1. DJG

      Indeed: William Carlos Williams, Financialized.

      Although the original is even more sly, and elegant, in its own peculiar way.

  1. Jim Haygood

    “Politics won’t stop Chelsea Clinton’s friendship with Ivanka Trump”

    It reminds one of the Bush family’s friendship with the Hinckley family (whose son John Hinckley shot Ronald Reagan) back in Odessa, Texas.

    One might complacently assume that NYC’s Sullivan law would restrain Chelsea and Ivanka from ill-advised gunplay. But in the opaque world of eastern gun control, celebrities live by different rules than little folks.

    1. optimader

      Ivanka used Chelsea as her wingman when cruising the NYC bar scene.
      There’s a McMurdo Station saying along the lines of ” the odds are good, but the goods are odd.”

    2. Nigelk

      You mean to tell me a daughter of inherited wealth is friends with a daughter of rich, powerful people (who is also the wife of a hedge fund guy)? In America? ::Clutches pearls::

      “There’s a BIG CLUB…and you ain’t in it.”


    3. NOTaREALmerican

      I’m not really sure why this is an issue. Normal people (those without morality OCD) can be friends regardless of their parents mental problems. Or, conversely, both of them might be “adults” (defined as: living happy duplicitous lives) in which case they could also be friends.

  2. Daryl

    “Providing that the wording…”

    What a wonderfully redundant sentence! “Providing that it does what we want it to…”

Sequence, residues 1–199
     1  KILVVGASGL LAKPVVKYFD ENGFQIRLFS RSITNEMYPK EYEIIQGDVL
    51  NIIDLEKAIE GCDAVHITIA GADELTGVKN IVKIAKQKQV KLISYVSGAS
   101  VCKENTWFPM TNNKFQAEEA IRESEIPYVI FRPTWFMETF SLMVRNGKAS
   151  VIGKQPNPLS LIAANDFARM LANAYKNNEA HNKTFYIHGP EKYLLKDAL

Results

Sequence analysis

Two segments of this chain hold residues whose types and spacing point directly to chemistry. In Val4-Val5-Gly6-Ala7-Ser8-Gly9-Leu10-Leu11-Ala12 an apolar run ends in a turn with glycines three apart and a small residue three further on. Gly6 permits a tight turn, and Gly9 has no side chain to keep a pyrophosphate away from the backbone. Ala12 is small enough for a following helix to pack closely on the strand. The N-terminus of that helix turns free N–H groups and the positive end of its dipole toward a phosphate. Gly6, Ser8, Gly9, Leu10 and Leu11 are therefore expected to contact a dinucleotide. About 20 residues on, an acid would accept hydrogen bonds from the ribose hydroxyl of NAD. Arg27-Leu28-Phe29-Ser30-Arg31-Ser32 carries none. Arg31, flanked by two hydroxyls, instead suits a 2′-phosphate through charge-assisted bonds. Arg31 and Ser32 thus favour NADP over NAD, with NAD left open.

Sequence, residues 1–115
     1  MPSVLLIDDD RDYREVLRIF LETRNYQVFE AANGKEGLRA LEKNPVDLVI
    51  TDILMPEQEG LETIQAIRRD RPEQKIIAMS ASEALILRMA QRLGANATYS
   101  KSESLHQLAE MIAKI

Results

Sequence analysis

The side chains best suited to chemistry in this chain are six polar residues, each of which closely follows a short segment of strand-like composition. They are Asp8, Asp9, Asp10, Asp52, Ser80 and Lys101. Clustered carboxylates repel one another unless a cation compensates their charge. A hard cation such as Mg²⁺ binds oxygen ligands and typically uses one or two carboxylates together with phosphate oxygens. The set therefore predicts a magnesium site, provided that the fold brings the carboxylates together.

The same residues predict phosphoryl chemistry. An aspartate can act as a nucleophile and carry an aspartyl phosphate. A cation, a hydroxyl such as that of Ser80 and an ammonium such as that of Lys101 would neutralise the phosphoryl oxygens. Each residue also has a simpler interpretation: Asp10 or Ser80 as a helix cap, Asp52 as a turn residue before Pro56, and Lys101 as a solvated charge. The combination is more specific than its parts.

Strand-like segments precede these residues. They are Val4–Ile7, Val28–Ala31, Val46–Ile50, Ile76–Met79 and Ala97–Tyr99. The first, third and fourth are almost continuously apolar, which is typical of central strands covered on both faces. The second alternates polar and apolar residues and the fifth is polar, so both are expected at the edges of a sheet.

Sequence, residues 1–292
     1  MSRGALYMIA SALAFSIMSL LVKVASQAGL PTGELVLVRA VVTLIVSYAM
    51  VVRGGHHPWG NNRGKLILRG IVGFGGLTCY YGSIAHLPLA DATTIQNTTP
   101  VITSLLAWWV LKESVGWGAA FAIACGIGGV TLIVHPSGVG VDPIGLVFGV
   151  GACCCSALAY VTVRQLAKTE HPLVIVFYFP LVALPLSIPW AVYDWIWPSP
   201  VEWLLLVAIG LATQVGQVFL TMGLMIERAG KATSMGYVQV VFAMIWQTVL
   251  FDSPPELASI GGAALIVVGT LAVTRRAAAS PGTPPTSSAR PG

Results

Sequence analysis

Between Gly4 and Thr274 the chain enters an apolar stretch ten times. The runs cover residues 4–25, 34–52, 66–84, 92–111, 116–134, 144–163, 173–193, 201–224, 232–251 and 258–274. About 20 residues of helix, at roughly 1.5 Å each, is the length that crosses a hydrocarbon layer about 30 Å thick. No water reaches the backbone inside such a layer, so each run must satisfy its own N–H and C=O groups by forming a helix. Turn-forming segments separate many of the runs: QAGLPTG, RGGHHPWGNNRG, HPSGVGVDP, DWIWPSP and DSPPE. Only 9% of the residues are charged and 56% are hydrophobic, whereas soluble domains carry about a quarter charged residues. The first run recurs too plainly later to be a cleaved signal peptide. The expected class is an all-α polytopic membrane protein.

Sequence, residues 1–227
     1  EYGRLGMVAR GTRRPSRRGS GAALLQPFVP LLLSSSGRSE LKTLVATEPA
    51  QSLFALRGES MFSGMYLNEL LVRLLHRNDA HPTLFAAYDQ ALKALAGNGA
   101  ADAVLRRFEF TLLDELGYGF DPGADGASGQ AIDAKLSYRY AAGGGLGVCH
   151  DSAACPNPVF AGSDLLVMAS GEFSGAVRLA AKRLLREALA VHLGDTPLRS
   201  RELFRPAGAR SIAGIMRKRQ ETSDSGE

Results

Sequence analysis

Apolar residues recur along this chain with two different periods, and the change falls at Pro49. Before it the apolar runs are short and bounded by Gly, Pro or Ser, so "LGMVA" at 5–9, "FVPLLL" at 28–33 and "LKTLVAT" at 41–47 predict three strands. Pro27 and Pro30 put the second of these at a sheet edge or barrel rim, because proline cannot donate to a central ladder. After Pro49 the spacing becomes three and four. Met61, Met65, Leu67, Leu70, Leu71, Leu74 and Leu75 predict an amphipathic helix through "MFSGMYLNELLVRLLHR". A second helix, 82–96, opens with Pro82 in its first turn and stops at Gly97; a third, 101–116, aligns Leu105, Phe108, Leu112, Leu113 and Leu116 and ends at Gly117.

3. Vatch

    Yesterday I posted links to four pro-TPP editorials, and the links that people can use to write letters to the editor (LTE) protesting against the TPP and the editorials. If you send a letter via email, they usually expect your home address and a daytime phone number to be included. Here are some more deluded editorials. If you live near one of these newspapers’ circulation areas, please write to them. If enough people write, they might print one or two of the letters, and members of Congress sometimes pay attention to letters to the editor.

    The Chicago Tribune


    LTE: ctc-Tribletter@tribune.com

    The Dallas Morning News


    LTE: http://www.dallasnews.com/opinion/send-a-letter/

    The Boston Herald


    LTE: http://www.bostonherald.com/about/herald_history/2012/12/send_letter_editor

    The Oregonian


    LTE: letters@oregonian.com

  4. Pavel

    Re: that “internet of things”… do we really need to unlock our doors with our iPhones (when their battery had died out), or let our refrigerator know when it’s time to buy more milk?

    I don’t understand this obsession with linking every single breathing moment and choice of our lives to the internet (and thence to the NSA, by the way).

    The same with Apple Pay and similar e-payment schemes: do I want every coffee or drink or sandwich or magazine I purchase entered into a giant DB along with my location at the time?

    Madness. And when the electromagnetic storm or whatever takes place — do you really want to count on your smartphone to get into your apartment?

    1. Daryl

      > Madness. And when the electromagnetic storm or whatever takes place — do you really want to count on your smartphone to get into your apartment?